Sodermania was stirred up again last night, with the New England Hockey Journal’s Kirk Luedeke reporting that the Bruins had reached a three-year deal with the mysterious Swedish forward. Luedeke is a reputable source and a Bruins prospect expert, and it appears that his contact, in this case, was OHL scout/hockey guy Dominic Tiano.
Once the Tweets between these two started spreading, other “mainstream” media people picked up on it and ran with the story. What appears to be the case is as follows:
- The B’s and Soderberg have agreed to a deal. (Luedeke)
- Soderberg has filed his transfer card with USA Hockey. (Tiano)
- The Swedish Ice Hockey Federation has seven days to put in a refusal request, which to me seems like an “objection” of sorts. (Tiano)
According to Stanley Cup of Chowder, the B’s could offer to buy out the remainder of Soderberg’s contract with Linkopings HC, a sort-of bribe that would alleviate the financial burden Soderberg’s departure would place on LHC. It seems like that may be the route the B’s are taking, and if they do, Tiano reports that there’s really no way the SIHF would have a valid refusal.
So the B’s want Soderberg, Soderberg appears to want the NHL, Linkopings HC is OK with Soderberg moving on. What’s the problem?
The Swedish Ice Hockey Federation.
I headed to the Google Machine to look at what the Swedish press was saying about Soderberg’s departure, and Expressen.se had some info about it.
Keep in mind that, like before, I’m using Google Translate here, so take everything with a large grain of “I don’t know Swedish” salt.
Mattias Ek has an article that came out today under the (paraphrased) headline “Tug of War over Elite-Series Transfer,” with a picture of Soderberg in his LHC gear underneath.
In the article, Ek explains that there is a bit of a tug of war going on over Soderberg right now between the Bruins/NHL and the Swedish Ice Hockey Federation; to simplify things, the Bruins want Soderberg to come here (duh) and the SIHF wants him to stay and play in the upcoming World Championships (again, duh).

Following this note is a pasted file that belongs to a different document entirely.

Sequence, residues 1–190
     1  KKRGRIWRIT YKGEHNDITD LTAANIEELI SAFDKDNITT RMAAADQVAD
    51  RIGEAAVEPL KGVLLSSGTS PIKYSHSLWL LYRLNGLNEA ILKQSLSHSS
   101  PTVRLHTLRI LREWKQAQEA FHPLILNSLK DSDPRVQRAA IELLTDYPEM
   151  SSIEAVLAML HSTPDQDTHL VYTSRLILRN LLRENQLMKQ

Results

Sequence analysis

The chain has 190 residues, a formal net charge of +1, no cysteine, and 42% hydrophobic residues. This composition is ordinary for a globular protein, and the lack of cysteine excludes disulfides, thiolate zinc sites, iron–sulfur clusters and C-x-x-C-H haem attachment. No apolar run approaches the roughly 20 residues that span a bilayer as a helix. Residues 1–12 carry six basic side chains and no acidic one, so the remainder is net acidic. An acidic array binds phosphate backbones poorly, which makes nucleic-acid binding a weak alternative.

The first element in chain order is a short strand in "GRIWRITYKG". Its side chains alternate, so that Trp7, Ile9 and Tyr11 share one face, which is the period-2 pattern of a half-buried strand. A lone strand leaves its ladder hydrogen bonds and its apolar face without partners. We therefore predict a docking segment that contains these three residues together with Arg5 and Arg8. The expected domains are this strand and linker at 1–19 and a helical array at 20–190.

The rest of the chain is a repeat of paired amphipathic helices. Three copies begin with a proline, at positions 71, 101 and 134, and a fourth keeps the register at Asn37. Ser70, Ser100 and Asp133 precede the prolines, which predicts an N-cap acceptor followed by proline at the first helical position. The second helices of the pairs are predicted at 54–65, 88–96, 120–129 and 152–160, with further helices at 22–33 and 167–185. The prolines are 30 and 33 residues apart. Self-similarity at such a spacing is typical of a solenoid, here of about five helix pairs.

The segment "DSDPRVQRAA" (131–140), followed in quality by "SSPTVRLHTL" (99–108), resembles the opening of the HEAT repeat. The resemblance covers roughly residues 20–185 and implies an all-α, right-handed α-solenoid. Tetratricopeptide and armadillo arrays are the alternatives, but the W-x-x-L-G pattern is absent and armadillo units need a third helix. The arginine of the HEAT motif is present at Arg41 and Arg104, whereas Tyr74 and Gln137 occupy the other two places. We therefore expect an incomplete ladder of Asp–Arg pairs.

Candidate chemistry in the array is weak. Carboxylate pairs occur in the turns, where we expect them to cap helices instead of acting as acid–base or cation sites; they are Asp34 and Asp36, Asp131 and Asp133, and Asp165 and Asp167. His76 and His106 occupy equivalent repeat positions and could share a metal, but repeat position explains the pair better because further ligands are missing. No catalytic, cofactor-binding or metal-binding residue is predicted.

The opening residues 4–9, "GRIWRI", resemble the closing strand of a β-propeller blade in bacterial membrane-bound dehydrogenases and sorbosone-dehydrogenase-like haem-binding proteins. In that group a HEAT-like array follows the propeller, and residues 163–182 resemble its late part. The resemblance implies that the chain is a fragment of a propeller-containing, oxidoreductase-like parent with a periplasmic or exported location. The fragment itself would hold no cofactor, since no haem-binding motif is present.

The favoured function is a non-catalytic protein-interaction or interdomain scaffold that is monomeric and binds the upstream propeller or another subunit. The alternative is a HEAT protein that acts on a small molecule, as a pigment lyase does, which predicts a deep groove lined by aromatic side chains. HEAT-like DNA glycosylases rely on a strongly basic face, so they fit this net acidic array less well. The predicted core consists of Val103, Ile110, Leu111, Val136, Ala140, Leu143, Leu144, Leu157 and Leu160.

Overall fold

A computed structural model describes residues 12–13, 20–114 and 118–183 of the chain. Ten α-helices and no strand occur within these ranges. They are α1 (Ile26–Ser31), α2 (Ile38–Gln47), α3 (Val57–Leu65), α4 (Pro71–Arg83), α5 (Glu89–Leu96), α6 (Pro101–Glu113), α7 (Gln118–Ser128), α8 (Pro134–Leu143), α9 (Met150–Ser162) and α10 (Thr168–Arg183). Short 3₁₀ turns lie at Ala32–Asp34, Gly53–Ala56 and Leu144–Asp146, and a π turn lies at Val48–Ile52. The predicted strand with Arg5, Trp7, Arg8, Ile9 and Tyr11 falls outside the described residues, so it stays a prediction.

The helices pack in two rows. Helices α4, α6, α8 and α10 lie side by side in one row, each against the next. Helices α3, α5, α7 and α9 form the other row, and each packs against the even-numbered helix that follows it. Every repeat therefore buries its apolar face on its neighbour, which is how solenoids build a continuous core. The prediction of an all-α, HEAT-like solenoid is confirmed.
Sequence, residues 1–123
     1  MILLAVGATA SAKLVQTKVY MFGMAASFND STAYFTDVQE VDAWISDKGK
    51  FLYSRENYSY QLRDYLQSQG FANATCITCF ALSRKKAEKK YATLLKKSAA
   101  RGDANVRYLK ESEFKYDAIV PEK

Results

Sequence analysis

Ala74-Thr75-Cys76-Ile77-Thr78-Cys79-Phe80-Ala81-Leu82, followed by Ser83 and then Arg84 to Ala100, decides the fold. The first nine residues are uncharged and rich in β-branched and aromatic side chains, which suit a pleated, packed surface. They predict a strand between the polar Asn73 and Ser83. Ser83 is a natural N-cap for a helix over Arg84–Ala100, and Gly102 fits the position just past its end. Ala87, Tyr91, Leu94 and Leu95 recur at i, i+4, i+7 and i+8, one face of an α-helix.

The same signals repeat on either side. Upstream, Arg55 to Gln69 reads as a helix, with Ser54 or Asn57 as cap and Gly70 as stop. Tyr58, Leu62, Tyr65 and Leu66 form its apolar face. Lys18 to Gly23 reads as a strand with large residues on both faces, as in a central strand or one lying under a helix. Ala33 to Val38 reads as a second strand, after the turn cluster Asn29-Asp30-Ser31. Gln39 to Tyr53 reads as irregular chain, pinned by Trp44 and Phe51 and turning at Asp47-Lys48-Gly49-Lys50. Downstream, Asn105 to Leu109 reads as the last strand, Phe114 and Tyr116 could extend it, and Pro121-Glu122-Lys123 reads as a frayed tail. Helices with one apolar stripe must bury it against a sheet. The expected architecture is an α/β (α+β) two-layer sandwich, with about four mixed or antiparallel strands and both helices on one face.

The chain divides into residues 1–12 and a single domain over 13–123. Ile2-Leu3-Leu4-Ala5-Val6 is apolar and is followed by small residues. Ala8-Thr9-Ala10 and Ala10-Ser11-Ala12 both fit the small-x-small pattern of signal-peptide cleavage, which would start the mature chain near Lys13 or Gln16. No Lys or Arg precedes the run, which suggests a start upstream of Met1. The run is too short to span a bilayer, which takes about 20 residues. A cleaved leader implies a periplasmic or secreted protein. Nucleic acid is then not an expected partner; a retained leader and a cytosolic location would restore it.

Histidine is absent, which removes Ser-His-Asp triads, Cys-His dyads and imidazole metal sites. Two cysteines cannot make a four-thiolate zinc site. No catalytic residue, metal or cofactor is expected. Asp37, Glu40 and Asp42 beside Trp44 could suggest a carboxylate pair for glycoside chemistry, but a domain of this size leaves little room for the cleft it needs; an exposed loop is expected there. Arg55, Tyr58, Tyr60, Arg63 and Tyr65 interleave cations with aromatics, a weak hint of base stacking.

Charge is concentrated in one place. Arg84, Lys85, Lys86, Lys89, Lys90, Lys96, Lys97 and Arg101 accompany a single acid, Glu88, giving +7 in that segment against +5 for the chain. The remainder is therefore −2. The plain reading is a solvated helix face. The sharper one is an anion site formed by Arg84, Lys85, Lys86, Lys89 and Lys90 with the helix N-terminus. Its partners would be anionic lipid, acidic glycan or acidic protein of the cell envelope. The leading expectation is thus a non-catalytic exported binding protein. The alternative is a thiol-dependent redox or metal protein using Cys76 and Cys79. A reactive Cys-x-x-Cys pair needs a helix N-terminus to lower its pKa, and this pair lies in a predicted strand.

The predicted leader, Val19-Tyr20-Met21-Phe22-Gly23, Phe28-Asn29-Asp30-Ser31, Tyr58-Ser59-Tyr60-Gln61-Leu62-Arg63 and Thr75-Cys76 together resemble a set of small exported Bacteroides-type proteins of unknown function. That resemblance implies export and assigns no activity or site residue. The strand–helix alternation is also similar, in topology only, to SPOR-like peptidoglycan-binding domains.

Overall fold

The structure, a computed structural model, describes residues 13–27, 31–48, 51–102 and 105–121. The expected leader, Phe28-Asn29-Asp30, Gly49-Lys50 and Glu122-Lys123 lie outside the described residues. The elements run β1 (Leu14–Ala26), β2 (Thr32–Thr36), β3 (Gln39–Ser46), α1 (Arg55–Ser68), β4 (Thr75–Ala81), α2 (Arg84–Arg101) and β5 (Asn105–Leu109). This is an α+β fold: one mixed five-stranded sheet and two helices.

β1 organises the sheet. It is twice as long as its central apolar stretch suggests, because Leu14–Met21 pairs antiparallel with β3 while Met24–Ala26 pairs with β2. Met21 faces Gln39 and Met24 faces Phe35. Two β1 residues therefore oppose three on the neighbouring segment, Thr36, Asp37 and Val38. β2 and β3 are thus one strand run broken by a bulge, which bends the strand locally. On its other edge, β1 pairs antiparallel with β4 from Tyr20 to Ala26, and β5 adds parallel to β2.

While LHC appears to be gracious and prepared to let Soderberg go, the SIHF isn’t so willing. The most important/interesting quote:
“There is an agreement that says that Carl can go over to the NHL if we write the papers. Then he can stand, but we are not interested in doing it.” -Tommy Boustedt, development chief for the SIHF
The article goes on to say that the negotiations are done on the NHL’s side by Bill Daly, and on the Swedish side by the SIHF vice president…Peter Forsberg (trying to confirm if it’s THAT Peter Forsberg).
Boustedt continues, “If you have rules and agreements, you follow them. Calle Jarnkrok and Jesper Fasth are over (in the NHL’s minor leagues), but they will return April 15 [for the World Championships].”
Jarnkrok is a Detroit Red Wings draft pick currently playing for Grand Rapids in the AHL, while Fasth is a New York Rangers draft pick currently skating with the Connecticut Whale, also in the AHL.
Boustedt says the SIHF owes it to their fans to ice the best team possible in the World Championships: “We have a responsibility from the Tre Kronor side towards our audience, our fans and everyone who is interested in hockey. We must have the best possible team and Carl is a very good player.”
However, Boustedt appears to be resigned to losing Soderberg as well, saying the national team will abide by whatever ruling the NHL and vice president Forsberg come up with.
I’m not sure what, exactly, Boustedt does with the national team, but he’s not the SIHF president, or vice president, or even a very large figure. What this appears to be is posturing through the media, putting pressure on Soderberg to fulfill a non-existent “obligation” to play for Sweden in the World Championships.
Boustedt, and others who feel similarly towards Soderberg, don’t really have a leg to stand on in their arguments: they basically boil down to “well he owes it to his country to play in the World Championships, and that’s that.”
So what does this all mean? It appears that there’s not much standing between Soderberg and the Bruins, provided Jeremy Jacobs opens up his wallet and buys out the remainder of Soderberg’s LHC contract. One can’t help but be a bit afraid that the media spectacle may get to Soderberg, however, and that the guilt of “abandoning his country” may prove too powerful to overcome.
It’s a cheap tactic by Boustedt and Company, but it might work. Who wants to be painted as the guy who abandoned his homeland to chase cash in North America?
One thing is for certain: it’ll be interesting to watch all of this shake out over the next week or so.